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Crytek USA Collapses, Sells Game IP To Other Developers 121

MojoKid (1002251) writes Game developer Crytek's problems have been detailed recently from various sources, and it's now clear that it wasn't just the company's UK studios that were affected. Crytek announced today that it has officially moved development of its F2P shooter Hunt: Horrors of the Guilded Age to a German developer, ignoring the fact that the majority of the US team had apparently already quit the company. The problem? Just as in the UK, the US employees weren't getting paid. In a separate announcement, Crytek also declared that development of the Homefront series had passed entirely to developer Deep Silver. The company has stated, "On completion of the proposed acquisition, the Homefront team from Crytek's Nottingham studio would transfer their talents to Koch Media in compliance with English law and continue their hard work on upcoming shooter, Homefront: The Revolution. Both parties hope to finalize and implement a deal soon." It's hard to see this as good news for Crytek. The company can make all the noise it wants about moving from a development studio to a publisher model, but Crytek as a company was always known for two things — the CryEngine itself, adapted for a handful of titles and the Crysis series. Without those factors, what's left?
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Crytek USA Collapses, Sells Game IP To Other Developers

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  • Awkward (Score:4, Interesting)

    by Sockatume ( 732728 ) on Thursday July 31, 2014 @08:57AM (#47573543)

    I was reading last month's Edge, and it had a studio profile with Crytek UK that was written and published just before the word of non-payment started coming out. The angle of the piece was all "Free Radical had an awful experience, David Doak had a nervous breakdown and quit, but things are okay now" which was kind of heartbreaking to read.

  • Re:Not Getting Paid (Score:5, Interesting)

    by ledow ( 319597 ) on Thursday July 31, 2014 @09:23AM (#47573697) Homepage

    It was common in the 80's with software houses, looks like people don't learn.

    Sure, I'm willing to help out a company I work for that is struggling - that's only sensible self-preservation. But if you miss a single payment, and generally people are paid a month in arrears at least - then it means that I've worked a month "for free" already. If you didn't bother to notify me, I'm out the door straight away and will take you to court for that unpaid month.

    If you came and said "We can't pay you this month", I'd want to be privy to the expense accounts and financial arrangements that make it impossible to pay me. If you don't want to share those with me, I'm out of the door - and will assume it's because you've creamed off and are trying to not pay me, so will still sue.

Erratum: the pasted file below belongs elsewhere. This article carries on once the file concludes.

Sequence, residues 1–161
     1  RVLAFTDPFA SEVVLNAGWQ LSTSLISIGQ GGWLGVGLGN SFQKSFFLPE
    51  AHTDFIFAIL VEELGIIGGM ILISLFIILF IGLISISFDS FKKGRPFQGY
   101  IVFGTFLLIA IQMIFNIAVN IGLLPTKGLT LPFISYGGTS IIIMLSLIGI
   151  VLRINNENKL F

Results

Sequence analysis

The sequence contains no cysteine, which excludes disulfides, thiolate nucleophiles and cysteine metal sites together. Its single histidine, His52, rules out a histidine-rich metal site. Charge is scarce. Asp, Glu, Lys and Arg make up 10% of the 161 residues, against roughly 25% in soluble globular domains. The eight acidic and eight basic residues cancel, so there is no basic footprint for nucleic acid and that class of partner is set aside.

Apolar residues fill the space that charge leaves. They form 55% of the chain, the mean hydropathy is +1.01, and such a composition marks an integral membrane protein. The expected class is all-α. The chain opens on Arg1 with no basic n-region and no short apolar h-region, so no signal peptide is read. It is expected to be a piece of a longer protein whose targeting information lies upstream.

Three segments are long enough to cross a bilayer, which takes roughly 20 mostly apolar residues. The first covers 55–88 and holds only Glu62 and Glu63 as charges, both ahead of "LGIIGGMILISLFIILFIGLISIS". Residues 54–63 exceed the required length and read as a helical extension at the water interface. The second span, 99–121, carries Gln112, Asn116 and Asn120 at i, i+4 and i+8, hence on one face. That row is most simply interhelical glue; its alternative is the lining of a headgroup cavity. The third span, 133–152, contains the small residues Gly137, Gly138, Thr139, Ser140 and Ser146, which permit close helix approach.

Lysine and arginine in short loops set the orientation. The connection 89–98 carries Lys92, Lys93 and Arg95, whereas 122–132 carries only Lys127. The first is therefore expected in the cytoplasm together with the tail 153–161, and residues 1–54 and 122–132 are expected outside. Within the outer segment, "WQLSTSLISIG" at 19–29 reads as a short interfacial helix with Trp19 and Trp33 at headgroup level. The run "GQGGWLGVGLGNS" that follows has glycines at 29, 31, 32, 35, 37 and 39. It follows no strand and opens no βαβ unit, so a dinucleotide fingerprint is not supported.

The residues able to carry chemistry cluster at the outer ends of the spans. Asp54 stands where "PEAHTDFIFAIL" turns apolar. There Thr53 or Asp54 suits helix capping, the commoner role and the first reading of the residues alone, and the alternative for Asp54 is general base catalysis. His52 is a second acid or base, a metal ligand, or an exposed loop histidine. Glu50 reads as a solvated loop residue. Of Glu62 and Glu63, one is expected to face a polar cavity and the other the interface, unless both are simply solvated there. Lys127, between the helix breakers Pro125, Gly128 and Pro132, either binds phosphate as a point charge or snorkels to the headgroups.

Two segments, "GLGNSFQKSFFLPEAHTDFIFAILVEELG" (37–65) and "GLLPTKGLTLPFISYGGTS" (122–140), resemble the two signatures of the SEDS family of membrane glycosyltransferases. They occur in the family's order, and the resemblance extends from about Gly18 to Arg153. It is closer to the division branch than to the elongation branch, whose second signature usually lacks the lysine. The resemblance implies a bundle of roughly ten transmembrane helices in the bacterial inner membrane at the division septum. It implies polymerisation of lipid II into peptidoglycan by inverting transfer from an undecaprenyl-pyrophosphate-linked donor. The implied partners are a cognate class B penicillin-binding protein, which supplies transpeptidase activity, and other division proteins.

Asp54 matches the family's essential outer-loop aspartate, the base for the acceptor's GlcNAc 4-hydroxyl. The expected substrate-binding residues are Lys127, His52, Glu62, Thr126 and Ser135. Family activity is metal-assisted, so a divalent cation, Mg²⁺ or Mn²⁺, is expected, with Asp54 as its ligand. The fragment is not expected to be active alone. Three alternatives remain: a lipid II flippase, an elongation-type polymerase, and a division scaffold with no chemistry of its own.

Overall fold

If you share those with me, and I believe that money is coming soon, there's a small possibility - in a firm that I really love and trust - that I might continue for that one month. And then that's it.

    Sorry, but you're not asking a personal favour, you're not being a friend, you're not helping me at all by forcibly stopping me paying my household bills for a month. I wouldn't ask that of my closest friend or family. For a company I work for? I'm out of there.

    Someone, somewhere, will be a willing scapegoat - no doubt - especially if you promise them shares, an executive title, etc. even if it's only going to last a month before they are up before a court explaining why they're the one holding the hot potato.

    A company that cannot pay salary is dead in the water. It will probably never recover. And an employee working for that company is stupid to think otherwise.

    Maybe, if it was a family business, and a close member of family ran it, and I was privy to all the information, and I genuinely believed there could be no doubt about the money arriving, and I've been kept in the loop at all points, and it doesn't go on more than one month. Anything else? Bye...

  • Re:Awkward (Score:5, Interesting)

    by Andy Dodd ( 701 ) <{atd7} {at} {}> on Thursday July 31, 2014 @10:08AM (#47574053) Homepage

    The single-player campaign in Crysis was great, I loved it.

    The multiplayer utterly sucked. Crytek screwed up one of the fundamental tenets of multiplayer gaming - NEVER TRUST THE FUCKING CLIENT.

    Crytek did stupid shit like offload physics calculations to clients (which is why some matches were "DX10-only"), and also have clients do damage calculations.

    e.g. if the client said "I fired a pistol bullet and it did 99999999 damage before resists" - well, you'd have an instakill pistol. (This could be achieved by editing an XML). Similarly, armor resists were calculated ON THE CLIENT TAKING DAMAGE - so if you had a vehicle with 99% resistance to all damage types, you were effectively invincible.

    My multiplayer experience in Crysis was something like:
    1 week of playing legitimately - constantly getting my ass kicked by obvious cheaters
    1 week of trying to see what level of cheating I could get away with without people accusing me of cheating - it was shocking how far I could go in this regard (50% damage boosts to everything, no assault rifle bullet spread, 1000 horsepower pickup trucks, AA cannons that could depress their turrets by 30 degrees) without getting noticed because of the attention blatant cheaters received. Even with this, it was only a matter of time in every single game before a blatant cheater would instapistol their way to an attack helicopter with 99% resistance to all damage types and amped-up missile damage.
    After that I quit.

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